Woodland Village Nursing Center Blog, October 2019 – From our Desks
October is National Breast Cancer Awareness Month
October is the month every year devoted to wearing your pink shirts and pins and raising awareness for the second-leading cause of cancer death in women: breast cancer. Although improved treatment, early detection through screening and increased awareness has lowered the risk over the last 25 years, there is still much more to be done.
Here are top tips you should know to become more aware and to fight back against breast cancer.
Regular Breast Cancer Screening
Women with breast cancer can have no symptoms at all, or it can be found after symptoms appear. This is why it is extremely important to have regular breast cancer screening. The earlier breast cancer can be found, the easier it is to treat successfully.
The American Cancer Society has these guidelines for women at average risk (no family or personal history of breast cancer) for breast cancer:
- Women between 40 and 44 – This is the age group set for women to start screening with a mammogram every year.
- Women 45 to 54 – This age group should set mandatory mammograms every year.
- Women 55 and older – This group can switch to mammograms every other year or continue yearly checks. You should continue to do checks as long as a woman is in good health.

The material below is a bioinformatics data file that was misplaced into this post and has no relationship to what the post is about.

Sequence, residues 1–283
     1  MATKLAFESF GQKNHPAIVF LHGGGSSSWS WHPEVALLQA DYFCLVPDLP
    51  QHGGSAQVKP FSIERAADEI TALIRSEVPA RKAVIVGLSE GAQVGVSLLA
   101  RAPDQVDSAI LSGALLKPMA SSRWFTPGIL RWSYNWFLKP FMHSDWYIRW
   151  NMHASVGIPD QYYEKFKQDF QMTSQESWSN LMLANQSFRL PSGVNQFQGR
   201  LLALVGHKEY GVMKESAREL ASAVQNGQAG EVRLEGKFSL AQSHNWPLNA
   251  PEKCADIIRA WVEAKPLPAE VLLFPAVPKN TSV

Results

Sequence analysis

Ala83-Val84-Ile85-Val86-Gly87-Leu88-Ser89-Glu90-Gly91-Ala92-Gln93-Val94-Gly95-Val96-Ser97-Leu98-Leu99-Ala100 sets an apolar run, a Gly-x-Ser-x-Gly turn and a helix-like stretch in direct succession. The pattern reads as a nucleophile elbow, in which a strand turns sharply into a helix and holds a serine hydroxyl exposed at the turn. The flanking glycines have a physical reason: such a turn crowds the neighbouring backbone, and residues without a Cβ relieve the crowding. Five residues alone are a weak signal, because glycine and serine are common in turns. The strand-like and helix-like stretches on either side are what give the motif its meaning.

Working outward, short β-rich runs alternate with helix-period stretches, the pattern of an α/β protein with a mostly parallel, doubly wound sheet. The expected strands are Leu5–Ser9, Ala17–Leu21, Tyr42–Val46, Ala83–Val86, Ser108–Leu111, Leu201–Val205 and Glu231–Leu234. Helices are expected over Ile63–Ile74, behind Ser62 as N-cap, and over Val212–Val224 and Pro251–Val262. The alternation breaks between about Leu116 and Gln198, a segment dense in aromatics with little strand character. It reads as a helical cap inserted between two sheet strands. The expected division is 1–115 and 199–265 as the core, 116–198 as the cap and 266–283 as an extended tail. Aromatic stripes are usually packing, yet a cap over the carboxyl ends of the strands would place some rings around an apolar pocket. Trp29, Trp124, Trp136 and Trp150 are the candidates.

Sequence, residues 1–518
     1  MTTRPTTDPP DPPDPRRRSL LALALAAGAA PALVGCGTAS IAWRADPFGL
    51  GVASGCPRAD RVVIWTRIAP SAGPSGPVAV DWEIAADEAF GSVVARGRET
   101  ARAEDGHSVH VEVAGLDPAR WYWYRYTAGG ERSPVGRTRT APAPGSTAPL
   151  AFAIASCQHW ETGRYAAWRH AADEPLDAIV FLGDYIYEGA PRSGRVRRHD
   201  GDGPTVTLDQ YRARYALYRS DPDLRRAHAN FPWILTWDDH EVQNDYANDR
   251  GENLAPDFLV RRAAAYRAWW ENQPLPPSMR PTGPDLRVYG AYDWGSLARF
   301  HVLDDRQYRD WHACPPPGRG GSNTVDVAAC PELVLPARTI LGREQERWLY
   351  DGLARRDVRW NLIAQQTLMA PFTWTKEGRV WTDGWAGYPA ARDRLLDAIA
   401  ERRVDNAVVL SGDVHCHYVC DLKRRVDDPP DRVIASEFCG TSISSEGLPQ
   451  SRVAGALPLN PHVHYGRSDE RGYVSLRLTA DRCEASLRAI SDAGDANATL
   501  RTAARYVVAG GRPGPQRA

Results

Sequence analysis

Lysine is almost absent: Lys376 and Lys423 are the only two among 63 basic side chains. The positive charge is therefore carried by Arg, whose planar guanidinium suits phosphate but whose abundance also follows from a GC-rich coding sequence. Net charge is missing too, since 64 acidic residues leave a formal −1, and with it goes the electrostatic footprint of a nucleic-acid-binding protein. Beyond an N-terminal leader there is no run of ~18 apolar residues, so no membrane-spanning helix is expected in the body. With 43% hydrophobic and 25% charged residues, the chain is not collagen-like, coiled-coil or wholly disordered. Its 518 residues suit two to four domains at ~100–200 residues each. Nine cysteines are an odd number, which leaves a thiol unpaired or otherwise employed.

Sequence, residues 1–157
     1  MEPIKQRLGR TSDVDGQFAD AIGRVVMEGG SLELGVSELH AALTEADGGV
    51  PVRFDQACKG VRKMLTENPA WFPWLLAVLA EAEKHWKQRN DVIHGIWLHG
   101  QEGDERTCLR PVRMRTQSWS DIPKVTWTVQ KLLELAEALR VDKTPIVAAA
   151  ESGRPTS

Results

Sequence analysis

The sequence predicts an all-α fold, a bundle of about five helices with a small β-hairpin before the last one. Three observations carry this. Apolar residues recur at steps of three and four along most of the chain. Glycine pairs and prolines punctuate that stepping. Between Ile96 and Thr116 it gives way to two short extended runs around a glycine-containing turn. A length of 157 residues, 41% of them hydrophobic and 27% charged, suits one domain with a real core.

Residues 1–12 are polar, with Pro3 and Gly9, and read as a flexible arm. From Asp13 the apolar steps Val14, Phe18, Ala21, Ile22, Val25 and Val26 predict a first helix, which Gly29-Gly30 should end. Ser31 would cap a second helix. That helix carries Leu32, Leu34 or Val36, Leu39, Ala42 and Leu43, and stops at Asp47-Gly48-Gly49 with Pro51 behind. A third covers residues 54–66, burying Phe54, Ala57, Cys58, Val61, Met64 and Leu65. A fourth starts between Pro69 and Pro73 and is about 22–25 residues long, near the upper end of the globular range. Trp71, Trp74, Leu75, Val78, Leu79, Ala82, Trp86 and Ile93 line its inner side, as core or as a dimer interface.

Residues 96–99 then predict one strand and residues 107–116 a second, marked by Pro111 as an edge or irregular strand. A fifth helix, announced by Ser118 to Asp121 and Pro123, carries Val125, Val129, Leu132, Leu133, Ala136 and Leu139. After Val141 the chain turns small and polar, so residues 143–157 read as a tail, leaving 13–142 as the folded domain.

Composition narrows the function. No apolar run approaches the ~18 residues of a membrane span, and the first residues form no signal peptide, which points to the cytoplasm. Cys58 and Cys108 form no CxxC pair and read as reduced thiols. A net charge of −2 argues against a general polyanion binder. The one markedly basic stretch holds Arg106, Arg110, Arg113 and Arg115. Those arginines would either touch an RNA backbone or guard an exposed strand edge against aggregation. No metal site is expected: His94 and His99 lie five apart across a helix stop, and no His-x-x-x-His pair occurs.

Risk Factors for Breast Cancer
Here are a few risk factors provided by the American Cancer Society that are associated with breast cancer.
- Drinking Alcohol – Alcohol consumption has a clear correlation with higher risk of breast cancer. Compared to women who have one alcoholic drink a day, those who drink two to three drinks a day have about a 20 percent higher risk of breast cancer.
- Being Overweight or Obese – Obesity increases the risk of postmenopausal breast cancer. Risk is 1.5 times higher in overweight women and 2 times higher in obese women compared to lean women.
- Physically Active – Women with regular physical activity have a 10-25 percent lower risk of breast cancer compared to inactive women.
For a full list of risk factors, click here.